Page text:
Think nursery rhymes and you're probably thinking of Mother Goose rhymes.
That's no surprise because Mother Goose rhymes have been a part of childhood for kids in English-speaking countries for more than 200 years.
They're still great fun to share with babies and pre-schoolers but did you know that reading nursery rhymes to children also plays a really important part in laying the foundations for learning to read?
The evidence on this is now very clear.
In a nutshell, hearing nursery rhymes and poems - complete with the actions and silly words - is crucial in helping young children develop something called phonological awareness.
So what's phonological awareness?
Basically, phonological awareness is an awareness and understanding of sounds. If you'd like to read more about it, you can go to this page but the details don't really matter so much. In fact, there are really only two important things to know about phonological awareness:
I found this all quite fascinating when I first learned about it. I still do. I'd never heard of phonological awareness before and I certainly didn't know that reading nursery rhymes and playing rhyming games built the connections in the brain that help children learn to read.
I'm a primary school teacher now and I find that many teachers don't know about this. They know about phonemic awareness and phonics but are not aware of the importance of phonological awareness. Yet there is now strong evidence to show that children who have little or no exposure to nursery rhymes struggle to read and learn at school. On the other hand, children who are exposed to nursery rhymes are likely to learn to read naturally and easily and to become capable readers and students.
So, if you'd like to get started with sharing some nursery rhymes with your little one, have a look at the books of Mother Goose rhymes below. (Note: book titles and covers are affiliate links).
Over the years there have been literally hundreds of books of Mother Goose rhymes published, each one including its own selection of rhymes.
Most books include old favourites like:
A well-chosen book of Mother Goose rhymes is a fantastic addition to a new baby's personal library but how do you choose? There are lots of versions to choose from so I've written brief reviews of my three favourites to help you choose.
Each illustrator has used a different approach to illustrating the rhymes so each book has a different feel to it. Some of the illustrations are more modern, some are traditional. I think all of them are gorgeous. The one you choose is simply a matter of personal preference.
The Real Mother Goose
This is a comprehensive book containing more than 250 mother goose rhymes. The well-known nursery rhymes are all there, as well as many less familiar Mother Goose rhymes, all beautifully illustrated by Blanche Fisher Wright. The artwork in this book is traditional and very charming so it would make a beautiful gift for a new baby, for a baby shower or for a first or second birthday. It would also be a lovely thing to buy for your own child if you're expecting a baby or have a new little person in your family.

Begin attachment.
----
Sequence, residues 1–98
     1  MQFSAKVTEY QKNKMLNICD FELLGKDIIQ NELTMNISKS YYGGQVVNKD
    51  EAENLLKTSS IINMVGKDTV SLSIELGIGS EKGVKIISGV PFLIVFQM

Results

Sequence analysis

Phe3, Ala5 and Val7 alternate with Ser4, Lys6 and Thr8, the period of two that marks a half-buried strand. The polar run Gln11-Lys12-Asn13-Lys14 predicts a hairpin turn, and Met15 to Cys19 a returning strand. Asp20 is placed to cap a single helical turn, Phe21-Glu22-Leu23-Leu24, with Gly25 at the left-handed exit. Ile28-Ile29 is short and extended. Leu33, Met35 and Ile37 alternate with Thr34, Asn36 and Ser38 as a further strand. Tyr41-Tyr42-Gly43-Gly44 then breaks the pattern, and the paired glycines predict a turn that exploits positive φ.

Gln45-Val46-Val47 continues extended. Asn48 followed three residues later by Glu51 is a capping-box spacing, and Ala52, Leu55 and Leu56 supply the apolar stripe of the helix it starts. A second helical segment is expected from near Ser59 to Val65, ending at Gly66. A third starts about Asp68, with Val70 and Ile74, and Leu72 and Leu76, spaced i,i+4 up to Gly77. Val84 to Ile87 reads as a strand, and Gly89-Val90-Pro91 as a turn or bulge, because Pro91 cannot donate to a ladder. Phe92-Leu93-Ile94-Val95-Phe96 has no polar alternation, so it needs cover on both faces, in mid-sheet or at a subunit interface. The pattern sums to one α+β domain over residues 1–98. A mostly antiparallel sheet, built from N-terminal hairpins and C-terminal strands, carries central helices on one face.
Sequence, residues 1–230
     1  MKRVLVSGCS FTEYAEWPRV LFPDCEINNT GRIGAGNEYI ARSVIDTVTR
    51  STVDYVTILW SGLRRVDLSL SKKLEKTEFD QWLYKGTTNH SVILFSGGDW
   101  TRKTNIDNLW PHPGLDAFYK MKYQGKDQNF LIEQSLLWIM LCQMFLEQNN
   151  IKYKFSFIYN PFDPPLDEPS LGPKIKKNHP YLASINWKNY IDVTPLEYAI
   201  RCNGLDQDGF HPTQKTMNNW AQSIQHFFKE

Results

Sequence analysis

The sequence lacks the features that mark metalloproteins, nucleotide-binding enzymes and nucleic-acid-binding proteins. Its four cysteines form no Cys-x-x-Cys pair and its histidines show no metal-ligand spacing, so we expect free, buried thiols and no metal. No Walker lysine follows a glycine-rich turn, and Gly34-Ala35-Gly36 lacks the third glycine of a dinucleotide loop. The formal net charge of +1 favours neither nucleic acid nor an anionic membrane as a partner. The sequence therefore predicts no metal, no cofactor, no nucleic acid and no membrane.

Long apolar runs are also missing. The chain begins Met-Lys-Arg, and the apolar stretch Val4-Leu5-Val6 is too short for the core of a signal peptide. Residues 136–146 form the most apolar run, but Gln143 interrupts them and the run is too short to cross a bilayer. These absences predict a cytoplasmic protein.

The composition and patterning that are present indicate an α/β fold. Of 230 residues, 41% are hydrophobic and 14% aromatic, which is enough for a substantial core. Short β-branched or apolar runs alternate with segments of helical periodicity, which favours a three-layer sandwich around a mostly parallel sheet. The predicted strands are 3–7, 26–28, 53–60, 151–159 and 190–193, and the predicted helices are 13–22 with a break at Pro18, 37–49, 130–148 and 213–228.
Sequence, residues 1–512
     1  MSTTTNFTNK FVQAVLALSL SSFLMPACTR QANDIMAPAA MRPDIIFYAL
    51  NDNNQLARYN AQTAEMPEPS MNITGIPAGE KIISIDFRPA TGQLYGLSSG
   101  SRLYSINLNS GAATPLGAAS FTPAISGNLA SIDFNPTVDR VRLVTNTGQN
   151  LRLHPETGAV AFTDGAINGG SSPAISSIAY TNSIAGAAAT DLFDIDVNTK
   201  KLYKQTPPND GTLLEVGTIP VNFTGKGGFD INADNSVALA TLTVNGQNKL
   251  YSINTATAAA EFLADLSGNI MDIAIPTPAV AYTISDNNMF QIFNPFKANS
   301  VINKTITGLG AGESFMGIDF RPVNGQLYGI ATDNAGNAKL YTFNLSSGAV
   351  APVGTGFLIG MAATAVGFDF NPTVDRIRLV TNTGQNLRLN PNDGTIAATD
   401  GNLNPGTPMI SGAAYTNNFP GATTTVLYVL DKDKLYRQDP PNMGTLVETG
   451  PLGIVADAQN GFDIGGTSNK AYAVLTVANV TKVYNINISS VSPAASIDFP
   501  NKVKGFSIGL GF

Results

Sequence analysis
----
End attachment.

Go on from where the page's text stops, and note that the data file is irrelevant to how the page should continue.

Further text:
My Very First Mother Goose
Iona Opie is the acknowledged authority on all things Mother Goose and this hard-cover book, edited by Opie, is really lovely. It contains over 60 of the best Mother Goose rhymes organised into four chapters of large, toddler-friendly type. The gorgeous water-colour illustrations and larger format of this 108-page book make it especially good for babies. This book too would make a great gift for a newborn or a wonderful first-birthday present.
The Original Mother Goose
This hardcover book is a delight. It contains over 300 rhymes, including all the traditional rhymes plus a few of the rarer ones too. The illustrations and format are traditional, in keeping with the original rhymes. The rhymes haven't been translated into modern English so you may have to explain some of the old English words. What a great opportunity to extend your child's vocabulary!
Mother Goose Remembers
This is a well-chosen collection of traditional rhymes, poems and songs. It's a hardcover book, with 64 pages and a total of 46 rhymes and songs, plus a bonus sing-along CD. All the old favourites are included and the illustrations are gorgeous - photos of hand-sewn designs, using antique fabrics, felt, beads, braids, lace, buttons, and bric-a-brac. This is a great, inexpensive choice for a young child.
Opie, I; & Opie, P. (1997). The Oxford Dictionary of Nursery Rhymes. Oxford: Oxford University Press.
Bryant, P.E; Bradley, L; Maclean, M; Crossland, J. (1989). Nursery Rhymes, Phonological Skills and Reading. Journal of Child Language, 16(2), 407-428.
 "There is a strong relation between early knowledge of nursery rhymes and success in reading and spelling over the next three years even after differences in social background, I.Q and the children's phonological skills at the start of the project are taken into account. This raises the question of how nursery rhymes have such an effect. Our answer is that knowledge of nursery rhymes enhances children's phonological sensitivity which in turn helps them to learn to read." (Bryant, Bradley, Maclean & Crossland, 1989).